The Cloud Is Moving Nearer Still

Consider two countries, X and Y.

X and Y sign an agreement. X unilaterally pulls out of the agreement at will, then attacks Y through the imposition of sanctions. Y insists on complying with the original agreement.

X then imposes secondary sanctions on any countries that do business with Y. Y insists on complying with the original agreement.

Time passes. X attacks Y again with more sanctions. The sanctions begin to take their toll. Y still complies with the original agreement.

Eventually, Y, the weaker party, decides to attack a third party, Z, which X had (unilaterally) pledged to defend. Y’s rationale: in attacking this third party, Y pulls X into a conflict where it, Y, enjoys a certain advantage that it doesn’t enjoy in a direct, frontal attack on X, which Y cannot win. The attack creates physical damage but no human casualties.

Paradoxically, Z itself expresses skepticism that Y is responsible for the attack on it, but let’s assume that Z is wrong, and that Y really is responsible for the attack.

X then threatens full-scale war against Y. Y promises to respond in kind, then announces its intention to breach the agreement.

Incidentally, the dispute as a whole concerns X’s fears about Y’s coming to possess weapons that X has possessed for almost 75 years, that its allies have had for decades, and which neither X nor its allies ever intend to relinquish. It is simply an axiom of X’s foreign policy that some countries are better than others, and that different moral standards apply differentially to different kinds of countries; good countries are allowed to have the relevant weapons, bad countries are not. X remains a good country despite its unilateral violation of the agreement with Y, and Y remains a bad country despite its compliance with that agreement. X’s intrinsic goodness nullifies any obligation to adhere to the agreements it signs with Y; Y’s intrinsic badness remains unaffected by its adherence to the same agreement, no matter how scrupulous.

Question: who is the aggressor in this scenario?

7 thoughts on “The Cloud Is Moving Nearer Still

  1. From an article in today’s New York Times, about the latest plot twist in the Gulf of Oman crisis, the shooting down of a US drone by Iran:

    Why did Iran shoot down the drone? There are many theories here, and some depend on whether the drone actually ventured into Iranian airspace. If it did, then it was the Americans, and not the Iranians, who were being provocative. If the drone was in international airspace, then Iran just raised the stakes significantly.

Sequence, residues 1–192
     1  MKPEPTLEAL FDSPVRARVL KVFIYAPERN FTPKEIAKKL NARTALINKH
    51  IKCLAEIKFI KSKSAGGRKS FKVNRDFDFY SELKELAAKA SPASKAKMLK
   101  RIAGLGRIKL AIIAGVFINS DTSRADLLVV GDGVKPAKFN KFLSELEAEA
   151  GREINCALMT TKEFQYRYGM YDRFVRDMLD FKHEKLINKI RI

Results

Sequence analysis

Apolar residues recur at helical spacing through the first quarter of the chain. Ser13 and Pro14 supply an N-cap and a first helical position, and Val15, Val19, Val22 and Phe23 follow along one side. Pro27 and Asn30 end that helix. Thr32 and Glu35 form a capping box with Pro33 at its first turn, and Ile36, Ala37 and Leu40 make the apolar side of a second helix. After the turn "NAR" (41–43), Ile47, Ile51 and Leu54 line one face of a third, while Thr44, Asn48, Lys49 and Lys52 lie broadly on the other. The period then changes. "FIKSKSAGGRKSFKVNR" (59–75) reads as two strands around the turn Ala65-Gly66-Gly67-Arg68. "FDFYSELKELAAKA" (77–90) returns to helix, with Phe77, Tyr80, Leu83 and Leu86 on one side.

The last claim is only obvious to people who insist on a very truncated conception of the dispute itself. Suppose that the basic aggression that initiated hostilities was the United States’s unilateral repudiation of the nuclear agreement it made with Iran, followed by its imposition of sanctions on Iran. In that case, what difference would it have made if Iran had shot an American drone down over Iranian territory, in international airspace, or frankly, in American airspace? If someone makes an agreement with you, then pulls out of it, then imposes sanctions on you, why is it wrong for you to you shoot their unmanned drones out of the sky–any sky? It seems to have escaped the reporter that American sanctions on Iran, which don’t exactly stop at Iran’s borders, have a certain provocative edge of their own. How does the shooting down of an unmanned drone raise the stakes higher than withdrawing from an international agreement and imposing sanctions?

    The “value free” assumption in reporting of this kind seems to be that Iran has no right whatsoever to retaliate against American aggression. The aggression itself has become invisible. But that’s not value-free reporting. It’s value-laden reporting of a very dubious and complacent sort. As in reporting on Israel, we’re supposed to proceed here by a combination of selective amnesia, double standards, and a refusal to integrate facts that those in “the mainstream” would rather compartmentalize. The first step toward resisting the drift to war is to consider the possibility that even apart from the inadvisability or immorality of our starting a war with Iran, at this point, maybe we’re the ones who deserve to be bombed.

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  2. Of all the trash that’s been written on the Gulf of Oman crisis, this piece by Roger Cohen comes closest to getting at the essentials:

    But even Cohen bypasses what strikes me as one of the fundamental unaddressed issues raised by the crisis: is a liberal regime bound by the agreements it makes with illiberal regimes, or can it use the illiberal character of the latter to violate or abrogate its agreements at will?

    Relatedly, assuming that the agreement does bind, is the unilateral breaking of an agreement an act of aggression?

    I heard someone on right-wing talk radio today say, in tones of helpless astonishment, “In the Iranians’ minds, sanctions are a form of economic warfare.” He was trying to give a sympathetic explication of the Iranians’ point of view while also trying to suggest that their view was obviously primitive and absurd.